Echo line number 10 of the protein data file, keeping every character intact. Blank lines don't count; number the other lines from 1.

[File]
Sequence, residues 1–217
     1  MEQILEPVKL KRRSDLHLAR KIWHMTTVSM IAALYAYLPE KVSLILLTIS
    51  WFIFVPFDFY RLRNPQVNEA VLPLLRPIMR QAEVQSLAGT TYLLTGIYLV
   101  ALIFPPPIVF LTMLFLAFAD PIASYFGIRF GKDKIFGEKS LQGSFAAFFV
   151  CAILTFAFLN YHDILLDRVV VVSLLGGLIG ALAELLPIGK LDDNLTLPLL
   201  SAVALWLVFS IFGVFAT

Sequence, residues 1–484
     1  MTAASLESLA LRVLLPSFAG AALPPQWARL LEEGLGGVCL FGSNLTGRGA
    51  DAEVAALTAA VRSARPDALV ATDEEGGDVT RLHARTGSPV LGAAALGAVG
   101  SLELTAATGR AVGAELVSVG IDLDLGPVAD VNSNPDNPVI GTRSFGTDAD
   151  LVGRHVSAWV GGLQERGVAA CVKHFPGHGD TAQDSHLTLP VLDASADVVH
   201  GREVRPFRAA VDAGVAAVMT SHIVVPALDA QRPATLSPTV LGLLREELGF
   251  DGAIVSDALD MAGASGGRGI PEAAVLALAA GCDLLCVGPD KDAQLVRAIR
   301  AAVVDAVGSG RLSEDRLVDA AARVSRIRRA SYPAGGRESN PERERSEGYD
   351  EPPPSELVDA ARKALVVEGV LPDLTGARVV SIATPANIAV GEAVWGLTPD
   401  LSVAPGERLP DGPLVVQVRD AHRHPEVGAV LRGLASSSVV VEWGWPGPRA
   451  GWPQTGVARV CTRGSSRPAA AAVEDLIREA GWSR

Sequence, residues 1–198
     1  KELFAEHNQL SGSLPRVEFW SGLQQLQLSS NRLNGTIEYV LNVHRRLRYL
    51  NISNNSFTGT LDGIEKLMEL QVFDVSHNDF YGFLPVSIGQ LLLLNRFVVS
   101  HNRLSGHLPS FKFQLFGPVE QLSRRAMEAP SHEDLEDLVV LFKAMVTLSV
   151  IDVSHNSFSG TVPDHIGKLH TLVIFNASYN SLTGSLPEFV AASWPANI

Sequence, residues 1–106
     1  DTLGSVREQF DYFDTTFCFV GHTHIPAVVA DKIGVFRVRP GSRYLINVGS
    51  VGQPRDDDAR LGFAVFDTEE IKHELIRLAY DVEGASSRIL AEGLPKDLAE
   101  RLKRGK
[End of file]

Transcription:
   101  SLELTAATGR AVGAELVSVG IDLDLGPVAD VNSNPDNPVI GTRSFGTDAD